We might have performed some of our original songs, particularly I'm Not For You after the 45 was released, but I don't recall ever performing those two songs in public, so I don't know how anyone else would have even heard them - unless they heard the studio tape. But our manager apparently had the master tape - the one I recently located - since it was recorded. So, it's a mystery to me.
60s: Of the six original songs, why were I'm Not For You and Love Comes, Love Goes selected to be the Wild Things single?
EP: I really don't recall. When you hear the Eden studio taped version of I'm Not For You, you'll probably find the difference between it and the updated version we released interesting. The released version, from the 45, was on the Hoosier Hotshots compilation LP. The original version was done as a ballad and pretty much sucked.
60s: You enlisted in the Army in the fall of 1966 with the intention of returning to The Wild Things upon your return. I don't believe you ever had the opportunity to return, did you?
EP: No, I didn't. The band had switched to another booking agency, the Beacon Talent Agency in Indianapolis, while was gone, and for a while was the house band at The Triangle, a popular teen club in Greenville, Ohio. But the band broke up in 1968. Dave Bennett and Dave Barnes joined another very popular band, The Chosen Few, from neighboring Muncie. That band continued for about 14 successful years as Faith Band, recording several outstanding albums and the national hit single, Dancin' Shoes, written by lead singer Carl Storie.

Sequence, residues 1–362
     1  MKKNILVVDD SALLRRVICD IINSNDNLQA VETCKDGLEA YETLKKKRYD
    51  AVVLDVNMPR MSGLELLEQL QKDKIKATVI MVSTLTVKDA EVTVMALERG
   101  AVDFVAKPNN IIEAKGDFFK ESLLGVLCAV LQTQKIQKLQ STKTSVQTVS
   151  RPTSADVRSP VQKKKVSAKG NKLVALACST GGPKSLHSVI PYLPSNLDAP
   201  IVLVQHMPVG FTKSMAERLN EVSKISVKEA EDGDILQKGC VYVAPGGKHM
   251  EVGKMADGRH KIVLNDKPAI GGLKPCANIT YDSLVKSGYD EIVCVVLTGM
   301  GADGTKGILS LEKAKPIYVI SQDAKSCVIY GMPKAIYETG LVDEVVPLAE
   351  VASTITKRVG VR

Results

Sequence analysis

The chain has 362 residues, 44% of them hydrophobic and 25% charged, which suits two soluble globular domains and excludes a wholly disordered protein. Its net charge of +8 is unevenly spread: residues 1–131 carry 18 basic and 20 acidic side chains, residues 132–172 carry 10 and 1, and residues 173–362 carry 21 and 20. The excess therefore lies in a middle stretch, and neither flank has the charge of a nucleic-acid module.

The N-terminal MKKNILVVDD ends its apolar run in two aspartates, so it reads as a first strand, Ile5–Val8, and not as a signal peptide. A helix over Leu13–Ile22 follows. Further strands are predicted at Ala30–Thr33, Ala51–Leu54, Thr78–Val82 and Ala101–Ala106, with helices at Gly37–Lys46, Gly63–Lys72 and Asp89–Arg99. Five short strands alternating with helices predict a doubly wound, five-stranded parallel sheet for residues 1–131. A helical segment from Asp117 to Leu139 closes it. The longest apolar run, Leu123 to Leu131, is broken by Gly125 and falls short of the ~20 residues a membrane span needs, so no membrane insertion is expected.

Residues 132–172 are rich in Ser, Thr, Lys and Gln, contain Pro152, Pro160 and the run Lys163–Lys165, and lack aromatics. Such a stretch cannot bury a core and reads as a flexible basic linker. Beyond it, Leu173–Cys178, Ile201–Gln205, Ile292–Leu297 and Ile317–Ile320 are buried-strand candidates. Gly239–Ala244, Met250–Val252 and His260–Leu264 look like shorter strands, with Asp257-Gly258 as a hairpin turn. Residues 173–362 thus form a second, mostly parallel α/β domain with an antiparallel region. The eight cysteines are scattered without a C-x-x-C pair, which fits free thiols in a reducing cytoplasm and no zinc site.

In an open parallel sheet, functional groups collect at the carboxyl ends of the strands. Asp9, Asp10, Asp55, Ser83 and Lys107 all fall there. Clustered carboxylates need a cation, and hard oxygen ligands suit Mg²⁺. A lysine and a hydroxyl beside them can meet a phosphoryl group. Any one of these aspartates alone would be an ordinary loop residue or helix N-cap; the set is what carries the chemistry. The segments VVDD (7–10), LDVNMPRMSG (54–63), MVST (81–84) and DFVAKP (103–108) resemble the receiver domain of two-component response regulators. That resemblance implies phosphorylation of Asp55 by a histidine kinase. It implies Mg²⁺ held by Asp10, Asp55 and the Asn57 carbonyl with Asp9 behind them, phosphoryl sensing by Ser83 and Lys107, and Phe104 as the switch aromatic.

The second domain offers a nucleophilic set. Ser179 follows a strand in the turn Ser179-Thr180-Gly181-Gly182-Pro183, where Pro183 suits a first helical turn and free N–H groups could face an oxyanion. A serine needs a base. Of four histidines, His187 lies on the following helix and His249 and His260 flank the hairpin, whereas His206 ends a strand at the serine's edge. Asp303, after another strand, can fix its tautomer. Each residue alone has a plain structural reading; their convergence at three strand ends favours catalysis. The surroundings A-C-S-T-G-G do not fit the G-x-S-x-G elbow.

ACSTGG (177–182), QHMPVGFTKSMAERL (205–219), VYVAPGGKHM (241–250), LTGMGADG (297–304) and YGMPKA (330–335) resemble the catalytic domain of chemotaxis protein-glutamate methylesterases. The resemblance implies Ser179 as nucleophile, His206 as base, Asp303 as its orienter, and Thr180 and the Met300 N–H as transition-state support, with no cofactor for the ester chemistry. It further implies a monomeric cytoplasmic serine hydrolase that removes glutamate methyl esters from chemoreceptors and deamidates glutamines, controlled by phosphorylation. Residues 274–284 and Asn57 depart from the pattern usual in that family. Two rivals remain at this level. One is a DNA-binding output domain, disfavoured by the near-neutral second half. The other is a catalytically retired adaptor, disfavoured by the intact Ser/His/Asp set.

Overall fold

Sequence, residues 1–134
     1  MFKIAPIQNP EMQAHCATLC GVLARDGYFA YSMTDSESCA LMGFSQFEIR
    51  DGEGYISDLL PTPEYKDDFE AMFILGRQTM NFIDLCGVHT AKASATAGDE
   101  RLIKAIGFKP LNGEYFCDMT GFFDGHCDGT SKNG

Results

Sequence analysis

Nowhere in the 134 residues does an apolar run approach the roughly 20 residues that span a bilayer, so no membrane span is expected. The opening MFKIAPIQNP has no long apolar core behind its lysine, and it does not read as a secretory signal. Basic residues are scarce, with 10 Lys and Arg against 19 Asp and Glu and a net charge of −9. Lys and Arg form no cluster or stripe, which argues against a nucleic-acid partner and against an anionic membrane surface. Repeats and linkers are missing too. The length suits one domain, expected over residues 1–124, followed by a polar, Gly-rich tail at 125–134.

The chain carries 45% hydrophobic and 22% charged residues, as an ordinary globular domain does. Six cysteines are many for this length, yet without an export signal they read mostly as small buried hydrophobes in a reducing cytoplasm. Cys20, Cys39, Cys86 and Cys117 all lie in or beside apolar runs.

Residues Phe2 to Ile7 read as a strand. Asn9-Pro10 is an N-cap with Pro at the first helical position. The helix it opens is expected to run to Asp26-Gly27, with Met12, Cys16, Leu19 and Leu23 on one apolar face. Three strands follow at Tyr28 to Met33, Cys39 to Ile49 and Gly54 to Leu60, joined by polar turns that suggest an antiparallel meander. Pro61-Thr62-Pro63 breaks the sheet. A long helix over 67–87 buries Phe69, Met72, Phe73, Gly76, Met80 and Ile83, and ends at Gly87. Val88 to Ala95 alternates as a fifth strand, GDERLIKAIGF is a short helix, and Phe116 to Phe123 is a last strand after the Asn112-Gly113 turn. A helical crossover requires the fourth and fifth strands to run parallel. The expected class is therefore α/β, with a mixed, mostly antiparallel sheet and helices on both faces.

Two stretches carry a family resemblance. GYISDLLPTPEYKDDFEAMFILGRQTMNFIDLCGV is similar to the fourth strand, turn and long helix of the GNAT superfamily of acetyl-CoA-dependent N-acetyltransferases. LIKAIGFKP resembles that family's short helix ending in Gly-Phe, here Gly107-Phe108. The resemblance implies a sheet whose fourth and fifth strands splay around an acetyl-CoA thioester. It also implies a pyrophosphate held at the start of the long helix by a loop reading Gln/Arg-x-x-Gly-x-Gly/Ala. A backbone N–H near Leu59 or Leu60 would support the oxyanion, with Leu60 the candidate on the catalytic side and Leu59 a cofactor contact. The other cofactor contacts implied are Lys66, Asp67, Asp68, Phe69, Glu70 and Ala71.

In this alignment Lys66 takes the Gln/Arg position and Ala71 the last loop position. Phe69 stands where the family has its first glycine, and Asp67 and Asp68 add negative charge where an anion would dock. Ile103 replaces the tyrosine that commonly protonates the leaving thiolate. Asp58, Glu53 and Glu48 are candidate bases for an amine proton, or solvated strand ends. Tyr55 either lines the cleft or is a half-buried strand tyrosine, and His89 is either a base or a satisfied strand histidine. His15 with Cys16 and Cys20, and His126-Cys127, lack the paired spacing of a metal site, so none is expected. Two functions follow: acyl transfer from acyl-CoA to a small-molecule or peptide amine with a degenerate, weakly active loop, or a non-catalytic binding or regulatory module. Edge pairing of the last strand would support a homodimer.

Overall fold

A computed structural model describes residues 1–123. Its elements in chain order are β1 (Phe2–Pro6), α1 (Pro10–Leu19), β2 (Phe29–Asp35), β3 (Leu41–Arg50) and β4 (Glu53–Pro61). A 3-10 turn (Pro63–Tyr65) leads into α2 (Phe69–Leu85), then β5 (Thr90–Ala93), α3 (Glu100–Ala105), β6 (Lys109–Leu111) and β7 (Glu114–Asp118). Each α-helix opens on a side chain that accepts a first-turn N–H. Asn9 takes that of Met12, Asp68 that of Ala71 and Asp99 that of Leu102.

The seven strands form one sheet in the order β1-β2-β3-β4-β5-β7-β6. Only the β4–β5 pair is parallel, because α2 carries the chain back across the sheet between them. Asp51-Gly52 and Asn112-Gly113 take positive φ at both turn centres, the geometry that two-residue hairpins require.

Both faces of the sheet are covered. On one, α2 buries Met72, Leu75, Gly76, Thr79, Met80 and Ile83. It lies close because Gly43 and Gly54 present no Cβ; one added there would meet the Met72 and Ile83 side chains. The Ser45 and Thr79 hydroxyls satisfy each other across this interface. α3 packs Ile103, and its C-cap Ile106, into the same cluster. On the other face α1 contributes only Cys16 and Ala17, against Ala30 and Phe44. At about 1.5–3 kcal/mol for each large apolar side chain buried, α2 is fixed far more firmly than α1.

60s: Do you recall where The Wild Things located your replacement, Phil Mann?
EP: Phil was in school with us, although he was a couple of years younger. I think we had heard him play someplace with another band and liked the way he played. He joined the band to replace me when I finally left for the Army in January 1967. I believe he later was replaced by Richard Douglass from Muncie.
60s: Did you join or form any bands once you returned from the service?
EP: (The Wild Thing) was the only rock band that I every played with.
60s: Do you play at all today?
EP: I still play with an instrumental jazz trio, with keyboardist David States and drummer Dave Barnes (from Dave & The Dynamics), who still lives in Indianapolis. The three of us have played together off and on since high school. It's great to still work with Barnes because he is unquestionably one of the best, most natural drummers I have ever heard. I also work with another trio with a female vocalist that performs mostly pop songs from the '40s, '50s and some from the '60s. The groups perform only a few times a year, mostly for private functions. For the past four years, I have played for all of the musical theater productions performed by the First Nighters civic theater group in New Castle, Indiana, and at the Guyer Opera House, a civic theater group in Lewisville, Indiana.
60s: How do you best summarize your experiences with Dave & The Dynamics / Wild Things?
EP: It was a great 2-1/2 years of my life. The guys were all great to work with and were extremely talented. We were young and we were breaking ground, at least locally, as far as garage rock bands went. Although we only released one 45, it was significant for us. And we were on the verge of breaking out regionally when I had to leave. Although leaving and not being able to return to the band was disappointing, it was an experience that I would never trade for anything.